$platform = $adapter->getPlatform();

// or
$platform = $adapter->platform; // magic property access

The following are examples of Platform usage:

// $adapter is a Zend\Db\Adapter\Adapter instance;
// $platform is a Zend\Db\Adapter\Platform\Sql92 instance.
$platform = $adapter->getPlatform();

// "first_name"
echo $platform->quoteIdentifier('first_name');

// "
echo $platform->getQuoteIdentifierSymbol();

// "schema"."mytable"
echo $platform->quoteIdentifierChain(['schema', 'mytable']);

// '
echo $platform->getQuoteValueSymbol();

// 'myvalue'
echo $platform->quoteValue('myvalue');

// 'value', 'Foo O\\'Bar'
echo $platform->quoteValueList(['value', "Foo O'Bar"]);

// .
echo $platform->getIdentifierSeparator();

// "foo" as "bar"
echo $platform->quoteIdentifierInFragment('foo as bar');

// additionally, with some safe words:
// ("foo"."bar" = "boo"."baz")
echo $platform->quoteIdentifierInFragment('( = boo.baz)', ['(', ')', '=']);

Using The Parameter Container

The ParameterContainer object is a container for the various parameters that need to be passed into a Statement object to fulfill all the various parameterized parts of the SQL statement. This object implements the ArrayAccess interface. Below is the ParameterContainer API:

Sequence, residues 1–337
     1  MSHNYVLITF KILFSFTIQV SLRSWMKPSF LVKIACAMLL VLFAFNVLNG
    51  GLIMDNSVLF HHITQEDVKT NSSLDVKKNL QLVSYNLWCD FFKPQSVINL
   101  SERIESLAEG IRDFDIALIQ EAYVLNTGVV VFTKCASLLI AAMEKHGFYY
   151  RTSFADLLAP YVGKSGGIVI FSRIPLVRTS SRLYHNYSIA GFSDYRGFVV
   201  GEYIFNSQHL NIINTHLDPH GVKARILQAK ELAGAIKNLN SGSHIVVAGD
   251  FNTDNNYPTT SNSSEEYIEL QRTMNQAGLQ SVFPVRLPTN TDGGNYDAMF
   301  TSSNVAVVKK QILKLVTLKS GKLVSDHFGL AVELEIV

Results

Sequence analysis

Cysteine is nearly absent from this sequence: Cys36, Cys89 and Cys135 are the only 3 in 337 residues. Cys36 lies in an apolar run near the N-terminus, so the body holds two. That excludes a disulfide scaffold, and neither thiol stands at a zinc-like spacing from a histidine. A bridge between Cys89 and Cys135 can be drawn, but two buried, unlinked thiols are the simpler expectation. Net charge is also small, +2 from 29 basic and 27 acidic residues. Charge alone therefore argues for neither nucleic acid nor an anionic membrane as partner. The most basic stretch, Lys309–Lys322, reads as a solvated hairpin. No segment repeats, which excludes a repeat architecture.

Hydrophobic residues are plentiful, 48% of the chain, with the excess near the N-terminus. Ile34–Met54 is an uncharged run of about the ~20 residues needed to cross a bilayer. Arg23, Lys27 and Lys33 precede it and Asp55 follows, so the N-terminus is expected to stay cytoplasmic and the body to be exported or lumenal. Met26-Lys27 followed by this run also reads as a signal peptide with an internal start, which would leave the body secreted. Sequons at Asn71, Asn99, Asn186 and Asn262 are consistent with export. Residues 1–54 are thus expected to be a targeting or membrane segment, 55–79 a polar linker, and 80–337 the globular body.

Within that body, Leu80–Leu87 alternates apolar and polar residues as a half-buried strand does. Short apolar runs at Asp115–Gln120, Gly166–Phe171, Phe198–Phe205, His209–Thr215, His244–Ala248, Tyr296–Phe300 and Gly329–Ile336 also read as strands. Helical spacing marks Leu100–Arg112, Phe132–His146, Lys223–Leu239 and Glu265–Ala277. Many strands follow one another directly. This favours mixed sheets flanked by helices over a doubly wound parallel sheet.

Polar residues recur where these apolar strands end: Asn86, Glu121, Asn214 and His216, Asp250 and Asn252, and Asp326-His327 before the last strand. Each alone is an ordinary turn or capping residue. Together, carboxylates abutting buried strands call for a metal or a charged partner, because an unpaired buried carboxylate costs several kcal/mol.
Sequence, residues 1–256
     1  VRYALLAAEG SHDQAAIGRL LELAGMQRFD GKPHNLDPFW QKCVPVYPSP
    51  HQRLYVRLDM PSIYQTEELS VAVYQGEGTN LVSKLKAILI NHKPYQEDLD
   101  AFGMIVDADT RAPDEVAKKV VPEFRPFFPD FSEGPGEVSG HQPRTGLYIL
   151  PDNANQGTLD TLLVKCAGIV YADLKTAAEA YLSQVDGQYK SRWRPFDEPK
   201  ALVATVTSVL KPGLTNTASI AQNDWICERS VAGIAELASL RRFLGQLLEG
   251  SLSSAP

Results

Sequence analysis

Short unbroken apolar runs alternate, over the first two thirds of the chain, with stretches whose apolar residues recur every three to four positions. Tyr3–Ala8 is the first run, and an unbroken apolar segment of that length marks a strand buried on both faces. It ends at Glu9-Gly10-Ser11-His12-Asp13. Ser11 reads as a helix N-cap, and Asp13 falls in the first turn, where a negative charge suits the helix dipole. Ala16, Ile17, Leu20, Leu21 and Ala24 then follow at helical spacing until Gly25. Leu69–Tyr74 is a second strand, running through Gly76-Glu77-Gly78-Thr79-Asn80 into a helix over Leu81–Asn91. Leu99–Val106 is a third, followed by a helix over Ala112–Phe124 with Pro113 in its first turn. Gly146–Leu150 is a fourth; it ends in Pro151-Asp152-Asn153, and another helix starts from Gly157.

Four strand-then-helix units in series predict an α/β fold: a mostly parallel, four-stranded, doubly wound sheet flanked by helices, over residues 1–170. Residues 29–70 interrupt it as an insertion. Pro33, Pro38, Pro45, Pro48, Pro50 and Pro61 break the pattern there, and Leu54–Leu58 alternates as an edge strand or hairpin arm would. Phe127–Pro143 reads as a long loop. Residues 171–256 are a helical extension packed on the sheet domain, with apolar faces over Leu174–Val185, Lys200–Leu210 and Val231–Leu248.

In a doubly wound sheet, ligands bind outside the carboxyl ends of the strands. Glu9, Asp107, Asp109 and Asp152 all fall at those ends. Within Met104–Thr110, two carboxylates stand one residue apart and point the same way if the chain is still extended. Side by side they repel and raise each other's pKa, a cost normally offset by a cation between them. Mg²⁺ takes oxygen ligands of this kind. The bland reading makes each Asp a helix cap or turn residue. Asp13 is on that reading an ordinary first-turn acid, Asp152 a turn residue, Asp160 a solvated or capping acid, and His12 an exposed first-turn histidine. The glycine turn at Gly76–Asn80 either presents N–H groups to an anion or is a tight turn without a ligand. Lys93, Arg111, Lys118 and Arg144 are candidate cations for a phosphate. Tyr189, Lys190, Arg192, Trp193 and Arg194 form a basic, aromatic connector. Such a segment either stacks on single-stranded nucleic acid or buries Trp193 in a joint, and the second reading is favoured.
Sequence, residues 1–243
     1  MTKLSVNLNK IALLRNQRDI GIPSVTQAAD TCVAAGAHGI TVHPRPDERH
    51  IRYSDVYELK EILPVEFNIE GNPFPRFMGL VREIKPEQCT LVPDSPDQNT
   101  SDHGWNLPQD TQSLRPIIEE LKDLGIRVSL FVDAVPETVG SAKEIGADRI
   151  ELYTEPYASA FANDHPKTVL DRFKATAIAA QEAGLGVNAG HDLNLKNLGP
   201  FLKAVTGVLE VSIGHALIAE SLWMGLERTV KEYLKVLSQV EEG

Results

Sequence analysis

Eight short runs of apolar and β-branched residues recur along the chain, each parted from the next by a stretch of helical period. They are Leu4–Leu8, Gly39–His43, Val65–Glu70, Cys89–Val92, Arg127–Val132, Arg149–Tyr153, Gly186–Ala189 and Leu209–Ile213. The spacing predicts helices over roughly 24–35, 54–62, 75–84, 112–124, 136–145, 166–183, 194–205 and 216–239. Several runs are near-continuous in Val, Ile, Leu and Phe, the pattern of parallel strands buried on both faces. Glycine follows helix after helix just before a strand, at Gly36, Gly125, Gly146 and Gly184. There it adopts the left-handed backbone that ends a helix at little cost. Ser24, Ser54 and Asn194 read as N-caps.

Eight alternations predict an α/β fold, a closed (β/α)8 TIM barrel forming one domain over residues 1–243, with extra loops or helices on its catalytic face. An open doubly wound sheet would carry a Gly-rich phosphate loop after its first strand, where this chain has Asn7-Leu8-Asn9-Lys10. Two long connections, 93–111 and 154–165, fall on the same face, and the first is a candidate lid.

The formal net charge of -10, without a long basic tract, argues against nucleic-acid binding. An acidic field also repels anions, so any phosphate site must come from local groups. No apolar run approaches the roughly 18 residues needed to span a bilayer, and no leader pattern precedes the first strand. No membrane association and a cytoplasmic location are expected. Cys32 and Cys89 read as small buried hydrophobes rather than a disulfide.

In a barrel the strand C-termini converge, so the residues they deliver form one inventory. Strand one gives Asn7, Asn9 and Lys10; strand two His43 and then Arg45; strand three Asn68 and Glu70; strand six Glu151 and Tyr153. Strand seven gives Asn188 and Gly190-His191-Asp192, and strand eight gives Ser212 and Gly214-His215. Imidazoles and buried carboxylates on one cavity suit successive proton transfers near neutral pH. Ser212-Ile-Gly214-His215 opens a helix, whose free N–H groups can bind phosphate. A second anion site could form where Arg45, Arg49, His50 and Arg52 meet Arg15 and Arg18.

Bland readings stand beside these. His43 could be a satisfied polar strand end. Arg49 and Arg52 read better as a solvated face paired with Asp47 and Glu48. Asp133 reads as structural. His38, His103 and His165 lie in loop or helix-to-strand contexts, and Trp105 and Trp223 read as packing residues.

namespace Zend\Db\Adapter;

use ArrayAccess;
use ArrayIterator;
use Countable;
use Iterator;

class ParameterContainer implements Iterator, ArrayAccess, Countable
    public function __construct(array $data = [])

    /** methods to interact with values */
    public function offsetExists(string|int $name) : bool;
    public function offsetGet(string|int $name) : mixed;
    public function offsetSetReference(string|int $name, string|int $from) : void;
    public function offsetSet(string|int $name, mixed $value, mixed $errata = null, int $maxLength = null) : void;
    public function offsetUnset(string|int $name) : void;

    /** set values from array (will reset first) */
    public function setFromArray(array $data) : ParameterContainer;

    /** methods to interact with value errata */
    public function offsetSetErrata(string|int $name, mixed $errata) : void;
    public function offsetGetErrata(string|int $name) : mixed;